RF Shorts for Jan. 25, 2013

New NEC Life Touch Tablet Includes TV Tuner

News site asahi.com reports 3 electronics makers pitch new tablets to be iPad killers. In the article by Junichiro Nagasaki and Takashi Kamiguri, the most interesting tablet was NEC's Life Touch L TLX7W/ 1A. It is described as “…a 10.1-inch tablet bundled with a TV tuner for terrestrial and satellite broadcasts.” The article says that users can watch TV on an HD screen by “connecting the tuner, the size of a compact dictionary, via cable to an antenna terminal.” NEC said that if a separately purchased hard disk is connected to the tuner, users can transfer prerecorded programs to the tablet for later viewing.

The tablet will be released Jan. 31 and will cost around 65,000 yen (about U.S. $723). There was no mention of any plans to release a similar tablet in the United States.

German Broadcaster RTL Shutting Down Off-Air TV Delivery

The Register was one of several websites reporting Germany's RTL pulls free-to-air channels off terrestrial TV. Bill Ray writes, “Germany's largest commercial broadcaster is getting out of broadcasting, on Earth at least, citing spiraling costs and an uncertain future as mobile phone operators grab all the good spectrum.” RTL's statement says, “Mediengruppe RTL Deutschland currently sees no economically reasonable option for continuing digital terrestrial television based on DVB-T, the digital terrestrial television offered in Germany.”

Ray adds, “RTL's plan, detailed by the a516digital blog, is to shut down transmissions in Munich this spring and stop terrestrial broadcasting entirely by the end of next year, continuing to deliver content to viewers over cable and broadband but primarily broadcast from satellite.”

Finnish Broadcasting Co. Says All Channels to be Streamed

On its website, the Finnish Broadcasting Company announced Yle to begin online streams of all TV channels. The Finnish Broadcasting Company hopes to make all four of its TV channels available online for domestic viewers by the end of this year. Ismo Silvo, Yle's Director of Media, said there are still many copyright issues to be resolved and, at least at first, the picture quality of the live streams will not match that of standard digital TVs.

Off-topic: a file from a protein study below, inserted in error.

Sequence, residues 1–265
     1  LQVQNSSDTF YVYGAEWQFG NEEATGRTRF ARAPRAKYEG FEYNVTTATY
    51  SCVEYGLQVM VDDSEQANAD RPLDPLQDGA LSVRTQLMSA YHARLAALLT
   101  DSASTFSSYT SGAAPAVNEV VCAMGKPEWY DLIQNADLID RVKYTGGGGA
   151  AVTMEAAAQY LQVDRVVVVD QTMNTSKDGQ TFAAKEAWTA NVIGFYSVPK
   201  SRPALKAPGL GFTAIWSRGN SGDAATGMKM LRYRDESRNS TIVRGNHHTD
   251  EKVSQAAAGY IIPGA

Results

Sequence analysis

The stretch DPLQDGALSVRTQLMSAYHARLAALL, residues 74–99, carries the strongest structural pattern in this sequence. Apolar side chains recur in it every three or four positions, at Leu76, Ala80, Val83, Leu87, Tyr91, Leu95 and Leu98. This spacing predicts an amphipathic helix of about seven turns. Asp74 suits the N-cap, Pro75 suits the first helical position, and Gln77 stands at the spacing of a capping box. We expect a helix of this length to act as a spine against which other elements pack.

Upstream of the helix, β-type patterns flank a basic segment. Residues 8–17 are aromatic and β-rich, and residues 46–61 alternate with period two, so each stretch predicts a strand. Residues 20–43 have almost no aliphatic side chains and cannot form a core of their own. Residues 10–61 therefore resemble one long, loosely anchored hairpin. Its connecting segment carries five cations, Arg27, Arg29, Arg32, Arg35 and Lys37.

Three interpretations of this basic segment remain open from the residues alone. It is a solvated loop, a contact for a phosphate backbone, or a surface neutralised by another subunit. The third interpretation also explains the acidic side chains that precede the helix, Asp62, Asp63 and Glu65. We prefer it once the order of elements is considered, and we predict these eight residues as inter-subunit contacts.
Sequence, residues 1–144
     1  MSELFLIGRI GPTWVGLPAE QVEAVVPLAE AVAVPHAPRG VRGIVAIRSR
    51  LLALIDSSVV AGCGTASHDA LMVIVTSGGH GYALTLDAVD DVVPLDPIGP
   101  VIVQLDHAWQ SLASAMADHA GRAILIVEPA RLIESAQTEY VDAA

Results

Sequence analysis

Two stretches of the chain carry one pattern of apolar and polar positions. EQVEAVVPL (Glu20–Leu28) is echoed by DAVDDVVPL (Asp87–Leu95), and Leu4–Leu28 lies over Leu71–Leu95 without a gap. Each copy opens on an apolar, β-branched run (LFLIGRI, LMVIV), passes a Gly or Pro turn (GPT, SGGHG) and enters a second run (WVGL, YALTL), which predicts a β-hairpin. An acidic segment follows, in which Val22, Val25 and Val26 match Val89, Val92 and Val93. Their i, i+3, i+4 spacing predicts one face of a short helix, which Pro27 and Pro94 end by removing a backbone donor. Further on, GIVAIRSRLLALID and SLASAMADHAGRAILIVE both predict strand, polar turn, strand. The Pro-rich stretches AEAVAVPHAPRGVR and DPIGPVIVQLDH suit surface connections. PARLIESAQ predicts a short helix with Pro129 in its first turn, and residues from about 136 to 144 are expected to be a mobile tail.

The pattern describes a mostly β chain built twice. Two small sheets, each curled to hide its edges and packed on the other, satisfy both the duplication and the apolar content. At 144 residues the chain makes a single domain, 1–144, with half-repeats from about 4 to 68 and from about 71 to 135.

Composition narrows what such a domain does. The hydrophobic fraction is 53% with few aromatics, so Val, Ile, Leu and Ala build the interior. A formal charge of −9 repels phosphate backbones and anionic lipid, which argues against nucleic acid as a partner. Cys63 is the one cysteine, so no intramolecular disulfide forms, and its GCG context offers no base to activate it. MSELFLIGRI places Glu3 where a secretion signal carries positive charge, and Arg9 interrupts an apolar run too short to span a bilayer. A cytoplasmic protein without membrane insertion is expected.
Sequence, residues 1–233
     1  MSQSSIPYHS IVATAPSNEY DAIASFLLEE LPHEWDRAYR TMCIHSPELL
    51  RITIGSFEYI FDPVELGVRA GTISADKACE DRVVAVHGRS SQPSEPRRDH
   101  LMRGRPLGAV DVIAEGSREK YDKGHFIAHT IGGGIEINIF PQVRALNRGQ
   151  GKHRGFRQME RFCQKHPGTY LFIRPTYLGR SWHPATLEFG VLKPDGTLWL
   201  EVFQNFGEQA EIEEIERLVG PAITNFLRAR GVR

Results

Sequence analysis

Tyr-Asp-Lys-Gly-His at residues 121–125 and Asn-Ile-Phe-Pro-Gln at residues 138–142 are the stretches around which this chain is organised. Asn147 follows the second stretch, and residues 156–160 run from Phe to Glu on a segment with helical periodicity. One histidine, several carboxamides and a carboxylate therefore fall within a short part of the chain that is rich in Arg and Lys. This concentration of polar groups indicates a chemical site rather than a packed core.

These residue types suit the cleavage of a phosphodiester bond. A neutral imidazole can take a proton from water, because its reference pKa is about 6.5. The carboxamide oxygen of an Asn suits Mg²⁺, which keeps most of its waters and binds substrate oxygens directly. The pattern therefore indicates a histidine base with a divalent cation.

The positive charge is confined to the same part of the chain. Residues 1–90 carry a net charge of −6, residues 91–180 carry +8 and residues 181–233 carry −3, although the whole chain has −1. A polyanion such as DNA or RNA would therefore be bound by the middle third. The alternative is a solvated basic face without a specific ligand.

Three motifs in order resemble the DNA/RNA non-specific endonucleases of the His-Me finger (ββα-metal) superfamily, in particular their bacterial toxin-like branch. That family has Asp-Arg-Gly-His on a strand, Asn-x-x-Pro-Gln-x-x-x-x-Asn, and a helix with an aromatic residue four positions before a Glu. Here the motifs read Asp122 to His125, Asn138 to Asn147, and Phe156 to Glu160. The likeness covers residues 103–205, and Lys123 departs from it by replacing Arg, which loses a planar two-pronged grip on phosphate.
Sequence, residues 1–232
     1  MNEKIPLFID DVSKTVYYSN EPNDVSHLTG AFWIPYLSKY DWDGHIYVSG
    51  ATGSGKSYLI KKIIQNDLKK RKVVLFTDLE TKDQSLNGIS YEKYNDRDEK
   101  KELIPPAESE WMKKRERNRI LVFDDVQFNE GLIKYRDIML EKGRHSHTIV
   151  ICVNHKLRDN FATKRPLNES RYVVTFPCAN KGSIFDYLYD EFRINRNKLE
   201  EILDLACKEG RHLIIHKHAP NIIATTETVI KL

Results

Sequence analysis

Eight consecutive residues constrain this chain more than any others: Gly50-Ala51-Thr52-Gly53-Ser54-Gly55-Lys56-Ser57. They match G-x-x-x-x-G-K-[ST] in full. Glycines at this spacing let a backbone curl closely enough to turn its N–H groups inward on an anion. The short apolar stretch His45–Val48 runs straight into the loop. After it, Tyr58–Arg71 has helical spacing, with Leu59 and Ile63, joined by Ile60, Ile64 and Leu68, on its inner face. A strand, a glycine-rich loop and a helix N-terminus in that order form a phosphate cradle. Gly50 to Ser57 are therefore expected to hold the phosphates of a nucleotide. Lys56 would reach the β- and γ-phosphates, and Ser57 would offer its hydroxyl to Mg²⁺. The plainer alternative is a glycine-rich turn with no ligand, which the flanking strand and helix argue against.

Unlike RTL, Yle does not plan to stop off-air broadcasting. The Yle article states, “Silvo stressed that Yle has no plans to give up on traditional terrestrial antenna broadcasts, noting that not all parts of the country have access to high-speed internet.”

Swedish iPad Owners Will Pay to Watch TV

In Sweden, TV set owners pay a license fee to cover the cost of broadcast content. Now that consumers are streaming TV shows over their tablets, it isn't surprising that, as TheLocal.se reports iPad owners to pay Swedish TV licence fee.

“A move by Sveriges Television (SVT) to offer all of its content online means that Swedes who watch digitally streamed content on computer and tablet devices such as the iPad will have to start paying television license fees.” The article notes that: “Currently, anyone with a television receiver is required by law to pay the 2,076 kronor (U.S. $320) annual fee, which is collected and enforced by Radiotjänst, a division of Swedish public service broadcasting. A representative from the agency confirmed with technology magazine Computer Sweden that SVT's move would mean the agency would start collecting the fee from people who didn't own a television, but did own a computer or tablet device.”

There are no plans to charge a license fee for smartphones.

Comments and RF related news items are welcome. Email me at dlung@transmitter.com.

Doug Lung

Doug Lung is one of America's foremost authorities on broadcast RF technology. As vice president of Broadcast Technology for NBCUniversal Local, H. Douglas Lung leads NBC and Telemundo-owned stations’ RF and transmission affairs, including microwave, radars, satellite uplinks, and FCC technical filings. Beginning his career in 1976 at KSCI in Los Angeles, Lung has nearly 50 years of experience in broadcast television engineering. Beginning in 1985, he led the engineering department for what was to become the Telemundo network and station group, assisting in the design, construction and installation of the company’s broadcast and cable facilities. Other projects include work on the launch of Hawaii’s first UHF TV station, the rollout and testing of the ATSC mobile-handheld standard, and software development related to the incentive auction TV spectrum repack.
A longtime columnist for TV Technology, Doug is also a regular contributor to IEEE Broadcast Technology. He is the recipient of the 2023 NAB Television Engineering Award. He also received a Tech Leadership Award from TV Tech publisher Future plc in 2021 and is a member of the IEEE Broadcast Technology Society and the Society of Broadcast Engineers.